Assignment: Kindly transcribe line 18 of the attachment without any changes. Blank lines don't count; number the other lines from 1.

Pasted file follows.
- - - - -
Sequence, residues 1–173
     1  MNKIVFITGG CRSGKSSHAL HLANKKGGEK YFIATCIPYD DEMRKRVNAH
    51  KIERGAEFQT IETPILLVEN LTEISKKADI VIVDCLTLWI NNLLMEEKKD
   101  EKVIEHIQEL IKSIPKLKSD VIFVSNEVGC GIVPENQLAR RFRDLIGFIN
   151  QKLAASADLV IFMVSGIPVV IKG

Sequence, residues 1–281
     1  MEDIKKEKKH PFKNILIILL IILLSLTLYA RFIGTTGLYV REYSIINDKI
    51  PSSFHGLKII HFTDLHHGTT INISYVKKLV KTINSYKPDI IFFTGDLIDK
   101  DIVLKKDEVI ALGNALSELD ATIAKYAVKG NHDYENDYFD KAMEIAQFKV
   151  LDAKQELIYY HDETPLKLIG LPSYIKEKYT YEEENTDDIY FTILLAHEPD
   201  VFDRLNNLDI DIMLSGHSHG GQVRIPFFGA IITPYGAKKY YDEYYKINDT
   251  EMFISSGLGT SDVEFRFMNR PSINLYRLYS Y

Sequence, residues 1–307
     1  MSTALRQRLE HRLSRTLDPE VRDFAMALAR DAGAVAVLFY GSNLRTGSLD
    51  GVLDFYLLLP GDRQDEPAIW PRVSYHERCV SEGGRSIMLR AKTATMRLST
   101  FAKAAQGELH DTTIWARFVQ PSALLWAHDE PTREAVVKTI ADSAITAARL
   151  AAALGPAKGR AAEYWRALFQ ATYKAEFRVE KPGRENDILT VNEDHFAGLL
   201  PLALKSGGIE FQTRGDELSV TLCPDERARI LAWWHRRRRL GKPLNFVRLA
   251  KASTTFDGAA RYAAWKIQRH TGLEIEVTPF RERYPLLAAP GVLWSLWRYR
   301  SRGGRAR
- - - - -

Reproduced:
   201  PLALKSGGIE FQTRGDELSV TLCPDERARI LAWWHRRRRL GKPLNFVRLA